agement team as the agency continues its tradition of ‘Service with Heart’ while demKavanaugh onstrating ourselves as a customer-centered model of accountability and efficiency.” A graduate of Ohio State University with his Master of Social Work, Kirk also earned his Doctor of Jurisprudence from Indiana University. Kavanaugh said, “I was attracted to Clermont Senior Services because of its forward-thinking leadership and commitment to excellence and look forward to helping CSS address the emerging needs of our seniors.” Formed in 1969, Clermont Senior Services is the nonprofit organization entrusted by the voters and the Board of Commissioners of Clermont County to serve senior residents of Clermont County 60 years of age and older.



Honey bees took over the porch Howdy Folks, A week ago at 3 a.m. I was up and went to the kitchen door and let Chessy in; she likes to be in the house when it’s cold. She likes to curl up by Ruth Ann's legs and sleep. She doesn't like to come in the house when it is warm outside. Chessy the other day came in and laid on my lap for a long time. She has her own disposition when she wants to cuddle she will, but when she doesn't want to forget it! Wednesday after the cardiac rehab we went to the Batavia Township Park for the P.E.R.I. picnic and meeting. There was a speaker from O.P.E.R.S. ( Ohio Public Employee's Retirement System). This lady was from Westerville. She answered lots of questions for the folks at the picnic. The report on the secretary Lois was good, the entire group keeps her in their prayers and all are hopeful she will get better so she can attend the meetings. Last week I took honey out of the bee hives. I had six frames that I put in a plastic tub and set them in the basement and did not spin them out. On Thursday morning we spun the honey out and put the frames back in the tub. It was dribbling rain; I don't like to work with the honey bees when it is raining. I set the tub on the porch but didn't put the lid on. Then we went to the Grange Hall to meet with the furnace repair man. When we got home about two hours later the porch was full of honey bees; it looked like a full hive. When we left there were a few bees in the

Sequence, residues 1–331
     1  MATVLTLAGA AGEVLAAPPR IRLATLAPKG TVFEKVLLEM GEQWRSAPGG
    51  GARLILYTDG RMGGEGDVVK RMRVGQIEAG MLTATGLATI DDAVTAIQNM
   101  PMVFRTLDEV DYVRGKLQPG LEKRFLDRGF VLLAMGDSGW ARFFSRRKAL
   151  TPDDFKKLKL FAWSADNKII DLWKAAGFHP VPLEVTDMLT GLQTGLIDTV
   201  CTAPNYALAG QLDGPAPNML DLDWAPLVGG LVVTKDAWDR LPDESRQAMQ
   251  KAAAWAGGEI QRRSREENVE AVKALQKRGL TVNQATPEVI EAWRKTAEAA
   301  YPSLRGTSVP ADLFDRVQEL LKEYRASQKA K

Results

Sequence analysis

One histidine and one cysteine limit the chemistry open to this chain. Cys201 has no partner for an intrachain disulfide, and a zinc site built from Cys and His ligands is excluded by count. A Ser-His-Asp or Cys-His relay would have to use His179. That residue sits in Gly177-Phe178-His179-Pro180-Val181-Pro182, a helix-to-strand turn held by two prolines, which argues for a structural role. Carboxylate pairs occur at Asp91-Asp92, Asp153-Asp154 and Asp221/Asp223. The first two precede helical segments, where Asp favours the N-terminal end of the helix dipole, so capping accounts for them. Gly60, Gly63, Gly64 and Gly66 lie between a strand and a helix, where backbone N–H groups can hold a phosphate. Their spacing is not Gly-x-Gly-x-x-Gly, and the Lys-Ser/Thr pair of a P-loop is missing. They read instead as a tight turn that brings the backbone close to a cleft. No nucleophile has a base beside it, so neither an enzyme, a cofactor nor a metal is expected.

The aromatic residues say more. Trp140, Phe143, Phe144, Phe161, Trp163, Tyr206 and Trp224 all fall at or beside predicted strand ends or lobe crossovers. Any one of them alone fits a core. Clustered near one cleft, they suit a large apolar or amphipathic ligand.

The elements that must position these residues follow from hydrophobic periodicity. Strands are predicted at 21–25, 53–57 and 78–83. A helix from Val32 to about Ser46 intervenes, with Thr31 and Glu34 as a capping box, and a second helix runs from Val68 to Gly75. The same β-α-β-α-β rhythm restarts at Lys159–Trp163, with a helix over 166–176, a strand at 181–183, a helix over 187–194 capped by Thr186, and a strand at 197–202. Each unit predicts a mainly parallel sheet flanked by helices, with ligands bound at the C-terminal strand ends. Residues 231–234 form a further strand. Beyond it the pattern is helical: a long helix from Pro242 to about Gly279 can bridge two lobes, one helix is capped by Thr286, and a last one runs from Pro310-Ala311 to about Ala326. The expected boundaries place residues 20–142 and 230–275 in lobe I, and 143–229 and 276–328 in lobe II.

tub so someone told the other bees about the free honey. I put my honey bee coat and George gloves on Rooks and took OLE FISHERMAN the tub in a wheel barrow and went and put the frames back in the hives. They are making honey so they should have enough honey to live all winter. We got seven pints this last time. We have a couple to sell along with black raspberry plants. We picked some green beans in a bed we built along the garage, it is 8 feet long. While we were over at Grants Farm last Friday we got some onion sets. They are just about gone for the year. The bags were hanging in the barn some were dried up. We got enough to set a bed that is eight feet long and 2 1/2 feet wide. We should have some green onions yet this fall along with some more green beans. The ones we picked will make a good meal for us. It is amazing how much you can raise in a small space. I want to build another bed along side of the lumber shed. The counter in the kitchen looks good. Ruth Ann hasn't taken the jars to the basement yet. There are canned green beans, honey, peach jelly and relish; that looks good enough to eat and that we will do! While Ruth Ann and I were setting the bed of onions Ruth Ann had a chair to set in. When she got up to get more sets Chessy took over her chair. This cat is some-

thing else, we love her. Friday evening we went to some folks at Nicholsville for a picnic. There was a good crowd with lots of good food like country folks make. Thanks Gary and Diane. Ruth Ann and I went to a family reunion Sunday afternoon at the Nause home on Burdsal Road. I grew up with several of the Nause family in Newtonsville. Ruth Ann went to school with some of them too. They are good folks; hard working. We thank Jerry and his lovely wife Sandy for the invitation. They sure have a beautiful farm and home. Jerry is very involved in the O.V.A.M. and does a lot of work on the grounds especially the sawmill. The Faith Tabernacle Church on Bauer Road out of Owensville will have a church yard sale, Oct. 4 and 5. All the proceeds from this will go toward the Christmas for Kids. It costs $50 to supply each child with Christmas gifts. They have helped more than 150 in the past two years. They will also have a singing coming up sometime in October. Watch for that too. A telephone number you can reach them is 659-5806. We got word this past week that the Grange will no longer be collecting used batteries. The company notified them that at the end of this year they will quit giving the school money for them. We thank all of you for your donations. The Old Bethel M.E. Church Homecoming will be Sunday, Oct. 6, at 2 p.m. Come and hear some good music by the Kinner